You may know Chris, a rising star in the hemophilia community. I first met Chris in 2011 at NACCHO, when he was about to climb Kilimanjaro with his uncle, and I was about to climb it a few months after him as a fundraiser for Save One Life. He shared his dream and I heartily approved and told him I would help if at all possible. I’ve followed each of his summits; we helped fund one of them. When no funding seemed apparent and he would get downcast, I told him to stay positive, it will happen; nothing will stop someone with such big and noble dreams. And sure enough, the funding for Everest was daunting, for anyone but especially a young man from Denver. But luckily, I’m not the only one who believes in Chris! Octapharma, a privately owned Swiss company that manufactures blood clotting medicine, funded Chris’s fees and travel entirely!

Best of all, this historical event will be captured on film and made into a documentary by Patrick James Lynch, another rising star in hemophilia, and Believe Ltd.

Chris on Aconcagua, with picture
of Brian, a suffering child with hemophilia,
Chris’s motivation

And there is a higher goal, beyond challenging ourselves and setting records in the hemophilia community. Chris wants above all to highlight the gaping disparity in treatment between the developed and developing countries. And as you know, this has been a passion of mine for the past 20 years. I’m thrilled that Chris cares as much as I do about changing the lives of 300,000 people worldwide with no access to factor. In fact, Chris is betting his life on it: a climb up Everest is difficult and dangerous. Chris is taking these risks because his reward is that the spotlight will be put on those who suffer even more.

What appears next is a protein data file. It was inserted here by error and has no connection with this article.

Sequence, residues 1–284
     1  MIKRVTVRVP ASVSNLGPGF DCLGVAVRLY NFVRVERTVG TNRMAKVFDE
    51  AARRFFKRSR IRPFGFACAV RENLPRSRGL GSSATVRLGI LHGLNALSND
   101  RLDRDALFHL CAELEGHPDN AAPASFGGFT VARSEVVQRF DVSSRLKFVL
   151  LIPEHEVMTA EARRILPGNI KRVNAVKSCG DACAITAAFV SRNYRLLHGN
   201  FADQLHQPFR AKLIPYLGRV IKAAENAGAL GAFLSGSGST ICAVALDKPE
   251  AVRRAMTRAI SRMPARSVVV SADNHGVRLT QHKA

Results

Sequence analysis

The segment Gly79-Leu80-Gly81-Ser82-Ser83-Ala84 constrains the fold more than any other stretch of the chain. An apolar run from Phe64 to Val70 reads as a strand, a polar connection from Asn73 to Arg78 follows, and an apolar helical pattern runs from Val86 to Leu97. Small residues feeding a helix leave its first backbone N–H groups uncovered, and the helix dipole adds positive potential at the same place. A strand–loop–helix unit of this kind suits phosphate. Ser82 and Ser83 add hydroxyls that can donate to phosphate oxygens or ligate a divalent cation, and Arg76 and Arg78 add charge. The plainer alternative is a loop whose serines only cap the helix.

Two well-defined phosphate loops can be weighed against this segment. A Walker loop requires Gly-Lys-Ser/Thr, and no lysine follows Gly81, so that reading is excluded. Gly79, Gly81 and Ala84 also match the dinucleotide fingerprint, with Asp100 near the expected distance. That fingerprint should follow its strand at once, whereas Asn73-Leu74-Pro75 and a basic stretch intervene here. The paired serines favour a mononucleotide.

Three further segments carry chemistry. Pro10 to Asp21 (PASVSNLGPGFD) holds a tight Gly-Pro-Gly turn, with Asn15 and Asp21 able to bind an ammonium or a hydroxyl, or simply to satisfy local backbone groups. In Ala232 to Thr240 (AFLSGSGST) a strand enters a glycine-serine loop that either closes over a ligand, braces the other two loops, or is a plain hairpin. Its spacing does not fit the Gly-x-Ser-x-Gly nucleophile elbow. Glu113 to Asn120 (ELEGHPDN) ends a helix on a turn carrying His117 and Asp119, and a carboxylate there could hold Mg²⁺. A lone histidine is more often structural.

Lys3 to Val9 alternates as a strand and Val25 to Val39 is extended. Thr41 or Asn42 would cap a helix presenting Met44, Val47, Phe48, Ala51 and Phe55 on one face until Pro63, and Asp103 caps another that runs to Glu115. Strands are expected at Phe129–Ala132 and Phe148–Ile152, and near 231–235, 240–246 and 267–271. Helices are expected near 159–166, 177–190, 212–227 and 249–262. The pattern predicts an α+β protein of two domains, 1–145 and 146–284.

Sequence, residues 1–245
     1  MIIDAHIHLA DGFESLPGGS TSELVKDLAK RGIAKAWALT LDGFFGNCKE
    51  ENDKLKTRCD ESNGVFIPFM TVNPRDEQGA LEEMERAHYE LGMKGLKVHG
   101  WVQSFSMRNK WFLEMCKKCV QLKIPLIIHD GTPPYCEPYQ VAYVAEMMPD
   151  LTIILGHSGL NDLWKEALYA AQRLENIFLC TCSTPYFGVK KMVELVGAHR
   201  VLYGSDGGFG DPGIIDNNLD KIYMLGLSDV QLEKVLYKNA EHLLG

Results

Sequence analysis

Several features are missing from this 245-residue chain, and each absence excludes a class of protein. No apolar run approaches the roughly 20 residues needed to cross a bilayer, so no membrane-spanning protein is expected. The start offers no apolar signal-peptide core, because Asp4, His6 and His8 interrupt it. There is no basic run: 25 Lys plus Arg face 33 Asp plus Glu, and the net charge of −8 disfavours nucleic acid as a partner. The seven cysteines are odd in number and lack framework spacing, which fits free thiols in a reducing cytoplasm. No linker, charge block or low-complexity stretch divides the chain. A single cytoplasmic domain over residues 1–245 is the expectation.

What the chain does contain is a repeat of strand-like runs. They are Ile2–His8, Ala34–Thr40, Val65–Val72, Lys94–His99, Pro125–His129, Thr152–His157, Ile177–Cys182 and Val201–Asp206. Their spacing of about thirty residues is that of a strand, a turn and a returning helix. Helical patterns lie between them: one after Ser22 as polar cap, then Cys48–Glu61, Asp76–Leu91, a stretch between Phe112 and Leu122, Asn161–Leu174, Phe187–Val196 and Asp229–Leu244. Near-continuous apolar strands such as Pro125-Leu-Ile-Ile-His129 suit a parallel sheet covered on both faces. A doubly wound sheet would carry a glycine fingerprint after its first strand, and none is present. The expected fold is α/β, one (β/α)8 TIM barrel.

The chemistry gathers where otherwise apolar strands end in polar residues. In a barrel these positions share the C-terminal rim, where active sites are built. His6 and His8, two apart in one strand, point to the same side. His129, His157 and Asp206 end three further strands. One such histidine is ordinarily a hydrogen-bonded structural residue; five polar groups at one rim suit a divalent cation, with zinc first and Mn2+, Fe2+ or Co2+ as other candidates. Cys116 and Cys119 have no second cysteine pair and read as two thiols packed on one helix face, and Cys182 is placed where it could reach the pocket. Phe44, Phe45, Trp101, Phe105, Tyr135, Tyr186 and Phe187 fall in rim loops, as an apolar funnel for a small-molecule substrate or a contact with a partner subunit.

Save One Life has been working in Nepal for years and we sponsor over 80 people there with hemophilia. We helped provide funding to rebuild homes post-earthquake, and LA Kelley Communications has helped pay for surgeries. It’s a country dear to us all.

So why do we climb? To feel rare emotions—euphoria, extreme exhaustion, deep joy, eternal gratitude. To overcome out fears; to push ourselves to the limits; to do something with lasting impact—a historical climb, a movie about hemophilia; and hopefully to change the lives of our fellow community members who need our help.

And me? I’m going to base camp at 17,600 feet after a nine day hike through stunning vistas (with yaks!), spending two days with Chris, then descending, leaving him to prepare for the climb about a month afterwards. I’ll have some stories to tell, and prayers to leave for my friend, one of the bravest guys I know.

Follow Chris’s preparation and climb on his Facebook blog Adventures of a Hemophiliac.      

  

Putting the Fun in Insurance Education

Pulse on the Road Speakers

I enjoyed a lovely weekend in Cleveland, Ohio, a wonderful city that was enduring a collective sigh over the loss of the World Series. Still, with sunny skies we held another Pulse on the Road with the Northern Ohio Hemophilia Foundation. Program/Advocacy Manager Randi Clites invited us earlier this year and we were thrilled to finally make it.